De-Judaising the Gospel – Part 1

I have been doing a lot of reading lately about the way in which early Christianity was practiced, especially by the first generation or two following the Apostles, and have come across some staggering facts and tidbits of information that I cannot ignore, but must instead examine more carefully if I am to truly live as Christ. I am in the process of reading Paul and Palestinian Judaism, by E.P. Sanders and Restoration, by D. Thomas Lancaster, and will be using them as reference for my next few posts. Please remember that my comments here are meant to be concise, so I highly recommend you read these resources for yourself, consult Scripture, and take the time to honestly examine what is said here before either taking it as law or rejecting it out of hand. We all owe it to ourselves to examine fully the claims of Christianity, and of those who would be our educators. So, without further ado, lets begin by taking a look at the context and practices of the earliest “Christians”, if you will, by quickly examining Christ himself, his early disciples, and the Apostle Paul.

Whose town is this anyway?

It is no secret that Christ and his earliest followers were Jews from Palestine. Though Christ did, on occasion, minister to those outside of the Jewish ethnic group, it is clear that just as salvation is “first for the Jew, then the Gentile”, so Christ’s ministry was primarily for the Jew, followed by Paul for the Gentile.

So what does this mean? After all, weren’t Jerusalem, and the rest of Palestine under control of Rome? This was indeed the case. However, in an effort to maintain some level of peace the Jews of the region were, at the time of Jesus, permitted to practice their religion without excessive persecution, and were even allowed to govern themselves to a certain degree under the supervision of Rome. Yet along with this seeming freedom came some restrictions. For example, the Jewish court, or the Sanhedrin, did not have the authority to condemn a person to death. This is why it was necessary to have Christ condemned and sentenced by Pilate before he could be crucified. Because of this and other restrictions, the Jews had to adapt their understanding of rightly practicing Torah, which sometimes called for punishment by death.

Yet aside from this and perhaps some other issues, Jews were free to practice Torah. Christ himself, as the only perfect person, did indeed practice Torah, and he did so perfectly. Though he was challenged on many occasions as to his manner of keeping Torah, he made it clear that these questions arose out of a faulty understanding of the Law.

So, what about Christ’s disciples? In Jesus’ day, it was not uncommon for Rabbis to have devoted disciples living with them, traveling with them, and learning everything they could from them. What they came away with was not only a school of thought, or an intellectual exercise, but also a lifestyle that matched that of their master. This was no different for the disciples of Jesus who traveled with him, questioned him, and ultimately learned to imitate him. As Jews, we know that they would have already been keeping Torah prior to meeting and following Christ. Rather than ending this practice, they would have changed the way in which they both understood and practiced the Law to match that of their master. This is seen throughout the Gospels and the letters we have in the Cannon from writers other than Paul.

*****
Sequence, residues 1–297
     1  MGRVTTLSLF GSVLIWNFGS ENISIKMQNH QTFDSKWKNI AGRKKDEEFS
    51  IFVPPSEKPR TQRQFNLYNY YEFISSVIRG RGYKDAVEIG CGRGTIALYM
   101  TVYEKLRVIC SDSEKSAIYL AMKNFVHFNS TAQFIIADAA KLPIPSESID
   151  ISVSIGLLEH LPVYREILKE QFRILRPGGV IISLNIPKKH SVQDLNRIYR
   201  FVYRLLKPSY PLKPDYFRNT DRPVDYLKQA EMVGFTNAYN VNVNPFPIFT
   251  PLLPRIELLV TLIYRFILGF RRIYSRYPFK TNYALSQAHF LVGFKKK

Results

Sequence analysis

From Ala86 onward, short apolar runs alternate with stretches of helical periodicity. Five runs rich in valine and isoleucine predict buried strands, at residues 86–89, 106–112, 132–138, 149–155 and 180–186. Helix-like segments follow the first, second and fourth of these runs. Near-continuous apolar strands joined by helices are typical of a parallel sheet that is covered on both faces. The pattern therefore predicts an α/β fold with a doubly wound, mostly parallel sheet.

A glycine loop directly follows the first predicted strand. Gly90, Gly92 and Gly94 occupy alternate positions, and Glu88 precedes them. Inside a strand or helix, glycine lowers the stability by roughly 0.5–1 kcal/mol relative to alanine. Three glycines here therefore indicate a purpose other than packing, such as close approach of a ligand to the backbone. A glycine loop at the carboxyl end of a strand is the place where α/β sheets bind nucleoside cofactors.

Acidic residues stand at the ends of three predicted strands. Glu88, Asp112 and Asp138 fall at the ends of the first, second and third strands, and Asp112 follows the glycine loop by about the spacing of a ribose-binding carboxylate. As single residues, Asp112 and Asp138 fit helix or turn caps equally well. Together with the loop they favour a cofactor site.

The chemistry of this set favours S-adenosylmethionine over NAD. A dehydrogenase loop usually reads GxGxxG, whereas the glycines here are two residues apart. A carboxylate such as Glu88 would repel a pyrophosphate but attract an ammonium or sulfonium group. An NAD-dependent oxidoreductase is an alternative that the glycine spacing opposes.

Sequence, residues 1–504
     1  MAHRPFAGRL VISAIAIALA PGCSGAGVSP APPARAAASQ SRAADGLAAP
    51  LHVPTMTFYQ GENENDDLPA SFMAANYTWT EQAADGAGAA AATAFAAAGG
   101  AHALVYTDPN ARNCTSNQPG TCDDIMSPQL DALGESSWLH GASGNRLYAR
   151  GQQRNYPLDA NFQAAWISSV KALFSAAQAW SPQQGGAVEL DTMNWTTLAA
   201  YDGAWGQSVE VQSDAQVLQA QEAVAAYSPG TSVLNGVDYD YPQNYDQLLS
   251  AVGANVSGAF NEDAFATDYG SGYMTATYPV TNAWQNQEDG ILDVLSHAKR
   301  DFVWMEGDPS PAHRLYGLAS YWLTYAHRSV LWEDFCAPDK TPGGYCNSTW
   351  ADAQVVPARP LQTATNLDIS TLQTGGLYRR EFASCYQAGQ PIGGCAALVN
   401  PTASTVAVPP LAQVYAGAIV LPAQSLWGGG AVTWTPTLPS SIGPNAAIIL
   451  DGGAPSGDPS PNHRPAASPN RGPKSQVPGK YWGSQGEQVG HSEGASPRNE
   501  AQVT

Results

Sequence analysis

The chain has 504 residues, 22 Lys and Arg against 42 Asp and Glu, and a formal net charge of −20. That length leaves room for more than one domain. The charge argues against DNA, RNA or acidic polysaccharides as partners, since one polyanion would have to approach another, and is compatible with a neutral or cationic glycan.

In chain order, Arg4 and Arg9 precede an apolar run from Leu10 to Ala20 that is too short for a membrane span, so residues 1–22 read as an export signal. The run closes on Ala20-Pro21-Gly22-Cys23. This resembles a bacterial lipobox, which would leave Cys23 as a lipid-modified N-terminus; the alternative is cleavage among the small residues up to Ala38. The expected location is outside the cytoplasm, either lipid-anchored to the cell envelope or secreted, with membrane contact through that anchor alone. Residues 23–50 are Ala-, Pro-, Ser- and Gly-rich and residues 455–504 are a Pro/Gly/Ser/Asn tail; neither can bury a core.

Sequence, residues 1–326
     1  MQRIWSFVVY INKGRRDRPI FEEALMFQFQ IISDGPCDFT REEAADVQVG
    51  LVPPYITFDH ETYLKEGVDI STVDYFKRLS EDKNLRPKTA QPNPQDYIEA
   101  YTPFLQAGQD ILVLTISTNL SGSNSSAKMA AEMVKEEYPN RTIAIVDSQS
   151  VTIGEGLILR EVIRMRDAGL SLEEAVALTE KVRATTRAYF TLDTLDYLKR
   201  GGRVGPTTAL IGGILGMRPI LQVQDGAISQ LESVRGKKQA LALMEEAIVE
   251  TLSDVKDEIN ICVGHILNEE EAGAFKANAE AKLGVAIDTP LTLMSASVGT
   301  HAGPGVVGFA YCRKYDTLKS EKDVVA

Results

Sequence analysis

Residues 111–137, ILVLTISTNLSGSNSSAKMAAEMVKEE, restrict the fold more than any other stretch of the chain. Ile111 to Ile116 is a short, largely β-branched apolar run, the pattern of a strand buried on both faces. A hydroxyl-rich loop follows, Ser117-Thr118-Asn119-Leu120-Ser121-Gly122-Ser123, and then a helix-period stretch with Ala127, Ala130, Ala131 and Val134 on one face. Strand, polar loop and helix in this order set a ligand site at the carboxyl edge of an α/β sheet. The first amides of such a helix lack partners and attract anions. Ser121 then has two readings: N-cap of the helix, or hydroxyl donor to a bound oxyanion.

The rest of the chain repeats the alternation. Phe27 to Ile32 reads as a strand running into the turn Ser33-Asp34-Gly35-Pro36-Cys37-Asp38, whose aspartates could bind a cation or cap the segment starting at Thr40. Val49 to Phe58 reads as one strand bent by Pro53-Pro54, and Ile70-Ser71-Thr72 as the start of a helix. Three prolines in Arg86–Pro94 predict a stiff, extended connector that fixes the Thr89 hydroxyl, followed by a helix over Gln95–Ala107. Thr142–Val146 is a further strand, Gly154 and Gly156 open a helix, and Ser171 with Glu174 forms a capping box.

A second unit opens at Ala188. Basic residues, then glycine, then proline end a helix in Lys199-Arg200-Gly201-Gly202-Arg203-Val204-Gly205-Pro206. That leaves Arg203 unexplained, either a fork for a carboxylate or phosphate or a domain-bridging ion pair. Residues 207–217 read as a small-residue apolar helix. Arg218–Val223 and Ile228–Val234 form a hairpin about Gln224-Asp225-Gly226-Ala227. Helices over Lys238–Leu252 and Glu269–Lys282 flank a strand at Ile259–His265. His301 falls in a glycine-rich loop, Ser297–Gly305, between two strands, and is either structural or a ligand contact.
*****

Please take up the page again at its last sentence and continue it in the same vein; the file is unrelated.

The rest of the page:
Now we get to Paul, who is without a doubt the most difficult to understand of all of the New Testament authors. This difficulty comes from the “seeming” conflict in Paul between the Law and justification by faith. Since dealing with this seeming conflict would take far more time than we have here, let’s push that to the side for now, and instead look at Paul’s actual life.

Paul was a Pharisee, who was so zealous for the Law that he persecuted and even affirmed the murders of the earliest Christians. After his encounter with the Lord on the road to Damascus, Paul turned his zeal for the law into a zeal for Christ. In Philippians, he speaks of having more right to boast in the Law than anyone, because he was a Jew, born of Jews, a keeper of the Law, and even a Pharisee. He counts all of this lost in the face of justifying faith, and affirms for us that there is no way to justification through the Law. Because of this and many other statements against the Law, one might draw the conclusion that Paul no longer considered the Torah important, and stopped practicing it. Yet instead what we see is Paul as a follower of Christ still practicing Torah, and encouraging others to do so as well. Even at the time of his arrest, Paul was on his way to make sacrifice in the Temple.

Though Paul and others clearly state that there is no reason or need for Gentile believers to become ethnically Jewish, he does not at any time advocate an abandonment of Scripture. And Scripture at this time was confined to what we now call the Old Testament (i.e. Torah).

I know that what we have discussed so far barely scratches the surface of the issue, and seems awfully concise. It is not, however, intended as an instructional aid, but merely a place to start if we are to really investigate what was going on with regard to Torah observance at the time of Christ.

The next part of this series will briefly cover the authority of Scripture for Christ and his followers.

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